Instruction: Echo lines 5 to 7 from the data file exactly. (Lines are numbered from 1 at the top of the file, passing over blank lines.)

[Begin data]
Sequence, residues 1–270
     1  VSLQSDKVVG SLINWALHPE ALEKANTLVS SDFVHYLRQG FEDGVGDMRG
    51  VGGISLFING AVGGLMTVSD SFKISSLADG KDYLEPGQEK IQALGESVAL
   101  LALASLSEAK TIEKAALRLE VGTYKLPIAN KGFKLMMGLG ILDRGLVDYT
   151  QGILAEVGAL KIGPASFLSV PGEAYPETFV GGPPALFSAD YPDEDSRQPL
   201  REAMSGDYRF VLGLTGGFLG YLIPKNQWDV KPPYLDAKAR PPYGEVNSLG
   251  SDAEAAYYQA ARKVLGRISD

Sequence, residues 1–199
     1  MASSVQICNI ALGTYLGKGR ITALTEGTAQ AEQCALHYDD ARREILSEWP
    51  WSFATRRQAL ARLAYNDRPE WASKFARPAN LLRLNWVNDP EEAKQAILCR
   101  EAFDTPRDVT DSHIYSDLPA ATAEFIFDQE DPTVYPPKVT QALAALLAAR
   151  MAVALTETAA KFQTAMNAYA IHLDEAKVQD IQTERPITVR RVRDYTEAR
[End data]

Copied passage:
   151  QGILAEVGAL KIGPASFLSV PGEAYPETFV GGPPALFSAD YPDEDSRQPL
   201  REAMSGDYRF VLGLTGGFLG YLIPKNQWDV KPPYLDAKAR PPYGEVNSLG
   251  SDAEAAYYQA ARKVLGRISD